• deep discharge levels will also shorten battery lifetime, partial discharges will extend life (lead-acid batteries do not have the "memory effect", which is characteristic for Nickel-Cadmium batteries),
  • the proper electrolyte level is important; service-able lead-acid batteries require periodic checks of the level and addition of water occasionally. Only distilled or de-mineralized water can be used to keep levels above the plates,
  • overfilling the battery with electrolyte must be avoided as well as spills of fluid outside the container. Spills can be neutralized with a baking soda in a water solution.

Storing Lead-Acid Batteries

Batteries tend to self discharge even if they are disconnected from the power system (e.g. if the main power switch is off). If allowed to completely discharge, sulphation occurs, which will eventually destroy the battery electrodes. Long intervals of inactivity normally is extremely harmful to a battery. The self discharge rate depends on temperature. Higher temperatures increase the self-discharge process, cooler temperatures slow down self discharge. If batteries are stored over a longer time period, they should be kept in a dry and cool place and precaution to keep the battery loaded must be taken. The best option is to connect an automatic solar "trickle" charger to the battery system, which keeps the battery loaded. This will require a solar panel supplying about 13.5V at 0.5A, which will also compensate the parasitic loads.

Sulphation of Lead-Acid Batteries

Lead sulphation starts when the State of Charge (SoC) drops below 80%. The plates become coated with a hard and dense lead-sulphate layer that fills up the pores of the electrodes. The positive plates will be light brown (Pb02) and the negative plates will be white (Pb). Over time, the battery losses capacity and cannot be recharged.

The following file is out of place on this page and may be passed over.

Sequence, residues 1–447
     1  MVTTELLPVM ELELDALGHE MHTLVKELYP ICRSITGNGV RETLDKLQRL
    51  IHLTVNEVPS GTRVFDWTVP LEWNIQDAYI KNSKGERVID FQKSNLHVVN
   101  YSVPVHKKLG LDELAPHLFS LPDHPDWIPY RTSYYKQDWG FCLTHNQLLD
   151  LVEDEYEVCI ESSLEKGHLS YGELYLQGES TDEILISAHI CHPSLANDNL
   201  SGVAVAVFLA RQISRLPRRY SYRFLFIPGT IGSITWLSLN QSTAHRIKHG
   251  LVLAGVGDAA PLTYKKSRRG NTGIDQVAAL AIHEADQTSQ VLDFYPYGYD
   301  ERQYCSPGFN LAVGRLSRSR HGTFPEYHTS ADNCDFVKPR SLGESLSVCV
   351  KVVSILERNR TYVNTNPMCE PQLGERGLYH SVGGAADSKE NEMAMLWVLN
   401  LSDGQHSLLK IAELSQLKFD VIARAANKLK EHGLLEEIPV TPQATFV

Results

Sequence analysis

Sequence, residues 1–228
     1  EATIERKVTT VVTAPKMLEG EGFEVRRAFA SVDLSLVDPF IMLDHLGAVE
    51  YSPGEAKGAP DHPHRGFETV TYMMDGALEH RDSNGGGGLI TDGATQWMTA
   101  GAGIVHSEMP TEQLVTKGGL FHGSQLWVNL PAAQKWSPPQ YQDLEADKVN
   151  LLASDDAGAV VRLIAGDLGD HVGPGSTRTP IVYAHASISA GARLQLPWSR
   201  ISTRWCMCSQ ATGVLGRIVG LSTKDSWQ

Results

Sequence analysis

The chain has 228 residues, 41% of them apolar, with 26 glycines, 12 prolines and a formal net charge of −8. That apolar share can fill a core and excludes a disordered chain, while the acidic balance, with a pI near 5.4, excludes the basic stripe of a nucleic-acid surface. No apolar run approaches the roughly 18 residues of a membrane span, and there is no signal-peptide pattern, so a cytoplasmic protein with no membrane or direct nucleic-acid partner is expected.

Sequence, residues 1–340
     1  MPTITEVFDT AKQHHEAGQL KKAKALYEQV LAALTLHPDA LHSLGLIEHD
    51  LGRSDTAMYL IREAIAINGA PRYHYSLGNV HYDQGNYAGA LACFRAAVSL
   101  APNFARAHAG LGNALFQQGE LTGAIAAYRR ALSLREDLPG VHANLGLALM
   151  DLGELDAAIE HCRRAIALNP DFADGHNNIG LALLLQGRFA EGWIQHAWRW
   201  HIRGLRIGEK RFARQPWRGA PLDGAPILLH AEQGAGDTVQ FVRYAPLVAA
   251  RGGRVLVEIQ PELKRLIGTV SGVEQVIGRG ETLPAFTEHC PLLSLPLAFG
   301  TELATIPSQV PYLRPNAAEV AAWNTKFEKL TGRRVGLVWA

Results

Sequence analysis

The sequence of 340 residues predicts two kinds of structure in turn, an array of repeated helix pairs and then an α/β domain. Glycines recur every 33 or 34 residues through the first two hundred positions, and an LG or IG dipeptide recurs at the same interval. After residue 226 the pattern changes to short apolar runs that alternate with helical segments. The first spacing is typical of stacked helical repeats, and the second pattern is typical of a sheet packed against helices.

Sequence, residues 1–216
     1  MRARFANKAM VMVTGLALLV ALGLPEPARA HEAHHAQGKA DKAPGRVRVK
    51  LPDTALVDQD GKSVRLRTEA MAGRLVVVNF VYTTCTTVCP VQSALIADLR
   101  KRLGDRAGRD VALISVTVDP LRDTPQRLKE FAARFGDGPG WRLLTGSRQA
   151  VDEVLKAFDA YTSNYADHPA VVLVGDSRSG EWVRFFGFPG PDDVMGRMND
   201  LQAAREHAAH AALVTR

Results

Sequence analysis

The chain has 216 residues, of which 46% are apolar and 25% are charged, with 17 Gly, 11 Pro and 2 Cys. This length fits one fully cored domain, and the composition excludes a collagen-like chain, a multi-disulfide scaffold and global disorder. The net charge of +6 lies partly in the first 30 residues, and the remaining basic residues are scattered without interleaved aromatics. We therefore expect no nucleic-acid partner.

The following should be kept in mind to minimize sulphation:
  • Batteries should be kept charged at 100% (also during storage) avoiding overcharging.
  • Continuous undercharging of the battery (less than 90%) will also allow sulphation. Not reactivated Sulphur-Oxide from the electrolyte will coat the electrodes.
  • Low electrolyte level. Electrodes exposed to air (oxygen) will immediately sulphate.
  • Self-discharge will discharge the battery even without external load connected. This effect increases with increasing temperature. Batteries stored at high temperatures (40°C or higher) must be recharged in shorter intervals.

Using normal tap water to refill batteries can produce calcium sulphate that will also coat the plates and fill the pores, resulting in capacity reduction.

In case of light sulphation the following procedure can revive the battery:
  • apply a constant current of 1-2A for 48-120 hours at 14.4V, depending on the battery capacity;
  • discharge (50%) and recharge the battery a couple of times and test its capacity (in most cases it will not be possible to obtain the full battery capacity any more);
  • in order to break down the hard lead sulphate crystals, the charging voltage may have to be increased;
  • If the battery temperature rises above 40°C stop the charging and allow the battery to cool down before continuing charging.